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Henry, D. R., A study of State normal-school control, 32-41.

High-school graduates, general courses of study, 79-86; percentages of graduation
requirements, 85-86.

High-school students, elimination, 59-64.

High-school teachers, training and conferring of degrees, 99-104.

Home economies, 122-123.

Idaho, improvement in normal-school work, 59-60; teachers' salaries, 71.

Illinois, eliminating high-school students, 62-63.

Indiana, survey of normal schools, 10-12.

Indiana State Normal School, students, 27.

Industrial training, 112-115.

Kansas, normal-school system changed by State administrative board, 44-46.

Keene Normal School, N. H., location, 24.

Keith, J. H., on best type of normal control, 37.

Kendall, C. N., on normal schools, 27.

Kirk, J. R., on best type of normal control, 39-40.

Lewis, E. E., on practice teaching, 132.

Location of normal schools, 22-24.

Los Angeles, faculties in normal schools, 66-67; normal school, home economics
course, 123.

Louisiana, requirements of admission, 60.

McKenny, Charles, on best type of normal control, 37.

McMurry, C. A., on relation of course of study to city schools, 90-91.

Manual training, 122.

Massachusetts, course of study, 81; eliminating high-school students, 60-61; high-
school teachers, 101; instructors employed in normal schools, 66; normal-school
costs, 75-77; normal schools, 28-29; status of normal schools, 43^14; survey of
normal schools, 12-13; teachers' salaries, 71.

Massachusetts Normal Art School, organization and activities, 109-110.

Maxwell, G. E., on best type of normal control, 37.

Mayville, N. Dak., number of teachers of special subjects, 106; practice teaching in
public schools, 49.

Michigan, special training of teachers, 117-118; teachers' salaries, 71-72.

Mileage and car fares, paid to students, 30.

Minnesota, four-year courses for elementary teachers, 103.

Missouri, normal-school statistics, 56-58; normal schools controlled by local board,
39-40; special training of teachers, 119-120; survey of normal schools, 10-12.

Morrison, Stale Supt., on normal schools, 22.

Mount Pleasant (Mich.) Normal School, graduates, 107.

Negroes, normal and industrial training, 113-114.

New Hampshire, course of study, 80-90; practice-teaching facilities, 47-49; status of
normal schools, 43; survey of normal schools, 12.

New Jersey, teachers in special and vocational subjects, 105-106, 116.

New York, special normal-training courses, 116-117; State-local type of control, 34.

Normal-school standards, program, 126-137.

Normal schools, maintenance parallels, general education policy, 31; three types, 82.

North Central Association of Colleges and Secondary Schools, number of State normal
schools reporting to, 16.

North Dakota, eliminating high-school students, 63-64.

North Dakota State Normal and Industrial School, statistics, 112.

Northern Illinois Normal School, statistics of graduation, 107.

Organization, determined by accidental, 7-8.

Oshkosh, Wis., course of study, 81.

Oxford (Ohio) Normal School, course for special teachers of manual arts, 122.

Pennsylvania, survey of normal schools, 9.

Plymouth Normal School, location, 23-24; finances, 43. ,

Practice teaching, 47-55; organization, 87-96; standard for measuring facilities, of a
community, 52-55.

Prairie View State Normal and Industrial College, Tex., statistics, 113-114.

President, most dominant influence in many systems, 42.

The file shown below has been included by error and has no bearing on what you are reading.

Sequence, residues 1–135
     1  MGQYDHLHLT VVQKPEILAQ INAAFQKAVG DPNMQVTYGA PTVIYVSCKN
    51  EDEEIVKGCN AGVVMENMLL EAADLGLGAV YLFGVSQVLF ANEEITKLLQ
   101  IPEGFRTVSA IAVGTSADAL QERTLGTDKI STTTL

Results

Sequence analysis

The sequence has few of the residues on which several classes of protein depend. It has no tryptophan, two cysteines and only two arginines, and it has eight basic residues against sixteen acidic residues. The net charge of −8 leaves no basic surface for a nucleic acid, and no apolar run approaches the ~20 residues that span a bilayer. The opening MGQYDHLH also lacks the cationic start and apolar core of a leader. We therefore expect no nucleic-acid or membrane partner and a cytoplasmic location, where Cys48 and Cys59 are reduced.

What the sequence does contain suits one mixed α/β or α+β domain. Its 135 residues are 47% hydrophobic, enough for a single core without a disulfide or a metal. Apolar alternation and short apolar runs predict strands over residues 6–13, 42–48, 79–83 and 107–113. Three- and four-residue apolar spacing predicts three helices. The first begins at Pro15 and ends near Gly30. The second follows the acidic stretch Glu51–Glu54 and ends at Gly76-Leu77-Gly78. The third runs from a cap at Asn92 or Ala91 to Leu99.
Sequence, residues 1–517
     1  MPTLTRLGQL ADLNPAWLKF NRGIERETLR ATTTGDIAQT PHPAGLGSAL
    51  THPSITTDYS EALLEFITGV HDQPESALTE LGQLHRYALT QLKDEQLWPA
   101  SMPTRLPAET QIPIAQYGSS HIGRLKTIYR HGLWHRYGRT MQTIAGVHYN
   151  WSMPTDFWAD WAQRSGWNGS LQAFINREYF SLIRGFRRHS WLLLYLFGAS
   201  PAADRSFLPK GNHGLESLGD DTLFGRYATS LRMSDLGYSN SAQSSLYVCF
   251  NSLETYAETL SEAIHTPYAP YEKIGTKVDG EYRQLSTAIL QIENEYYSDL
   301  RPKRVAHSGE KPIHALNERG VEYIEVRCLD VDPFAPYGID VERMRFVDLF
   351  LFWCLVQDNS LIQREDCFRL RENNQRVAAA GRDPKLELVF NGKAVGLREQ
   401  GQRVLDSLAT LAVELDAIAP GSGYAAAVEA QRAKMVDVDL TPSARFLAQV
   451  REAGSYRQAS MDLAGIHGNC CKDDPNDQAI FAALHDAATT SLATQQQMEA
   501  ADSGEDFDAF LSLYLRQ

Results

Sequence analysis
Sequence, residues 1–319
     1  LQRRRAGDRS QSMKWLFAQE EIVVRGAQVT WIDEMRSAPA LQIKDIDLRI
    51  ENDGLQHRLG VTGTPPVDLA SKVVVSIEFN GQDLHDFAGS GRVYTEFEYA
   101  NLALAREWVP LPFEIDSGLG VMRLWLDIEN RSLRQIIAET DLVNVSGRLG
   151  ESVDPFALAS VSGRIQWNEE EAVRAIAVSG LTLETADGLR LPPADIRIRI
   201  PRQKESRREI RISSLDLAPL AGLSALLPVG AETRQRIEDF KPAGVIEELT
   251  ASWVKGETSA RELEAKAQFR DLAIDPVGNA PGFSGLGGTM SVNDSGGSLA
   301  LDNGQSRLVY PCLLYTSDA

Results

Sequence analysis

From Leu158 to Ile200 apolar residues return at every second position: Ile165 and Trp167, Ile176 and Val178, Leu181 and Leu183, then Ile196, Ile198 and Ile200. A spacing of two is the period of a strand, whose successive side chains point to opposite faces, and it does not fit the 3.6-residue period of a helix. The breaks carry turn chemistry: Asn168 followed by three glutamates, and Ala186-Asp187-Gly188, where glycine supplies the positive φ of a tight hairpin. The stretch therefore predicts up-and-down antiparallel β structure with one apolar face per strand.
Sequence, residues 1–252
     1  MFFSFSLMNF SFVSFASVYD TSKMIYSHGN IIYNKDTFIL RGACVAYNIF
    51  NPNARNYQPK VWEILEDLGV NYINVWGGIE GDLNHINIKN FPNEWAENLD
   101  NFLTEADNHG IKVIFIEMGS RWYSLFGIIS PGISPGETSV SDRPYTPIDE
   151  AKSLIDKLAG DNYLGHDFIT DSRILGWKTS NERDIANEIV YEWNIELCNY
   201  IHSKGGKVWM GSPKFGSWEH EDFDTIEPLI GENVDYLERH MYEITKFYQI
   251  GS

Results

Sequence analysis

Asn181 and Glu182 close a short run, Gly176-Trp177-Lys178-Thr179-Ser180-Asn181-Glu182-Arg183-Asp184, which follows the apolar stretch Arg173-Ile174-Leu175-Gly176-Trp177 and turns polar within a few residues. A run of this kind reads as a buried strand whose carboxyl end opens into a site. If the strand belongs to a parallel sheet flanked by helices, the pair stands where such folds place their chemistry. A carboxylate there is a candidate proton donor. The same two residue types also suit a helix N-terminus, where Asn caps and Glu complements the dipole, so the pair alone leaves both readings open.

Providence, R. I., practice teaching, 49-52.

Public schools, practice teaching, 49.

Purpose, number, and geographical distribution of services, 22-31.

Railroad fares, paid to students, 30.

Rhode Island, eliminating high-school students, 61-62.

Roberts, II. H., criticism of unit control, 38.

Salaries, teachers. See Teachers' salaries. .

Salem (Mass.) Normal School, course for commercial teachers, 124.

Secondary school, eastern normal school as, 14.

Snedden, David, critical study of Massachusetts normal schools, 43-44; on best type
of normal control, 38; on normal schools, 22, 28-29; on training of secondary teach-
ers, 101-103.

Standardization, external causes stimulating movement, 8; meaning of term, 14; pro-
gram for development, 126-137.

State Manual Training Normal School, statistics, 110-112.

State normal schools, faculties, 65-74; number in each State, 28.

Stout Institute, Wis., statistics, 114-115.

Students and graduates, 56-64.

Supervision, standardized routine, 94.

Surveys of normal schools, Indiana, 10-12; Massachusetts, 12-13; Missouri, 10-12, 13;
Pennsylvania, 9; Vermont, 12; Wisconsin, 9-10.

Teacher-training, high schools, 99-104; rural schools, 97-98; special subjects, 105-125;
statement by Carnegie Foundation, 10-12.

Teachers, critic, importance of securing, 73-74; need of competent, 65-66; public-
school experience, 69-70. See also Faculties.

Teachers' salaries, 70-73.

Terre Haute (Ind.) State Normal School, distribution of students, 25-26.

Time distributions, course of study, 84-85.

Trades, courses for teachers, 124-125.

Trenton, N. J., course of study, 81.

Unit control, 38.

Universities, relation of western normal schools to, 14.

Valley City (N. Dak.) Normal School, course in home economies, 122-123.

Vermont, survey of normal schools, 12.

Virginia, improvement in rural schools, 60.

Winona, Minn., course of study, 92.

Winthrop (S. C.) Normal and Industrial College, number of positions secured for grad-
uates, 106-107.

Wisconsin, history of development of differentiated courses, 81-82; history of normal
system, 10; survey of normal schools, 9-10.

Ypsilanti, Mich., faculty of normal school, 67.

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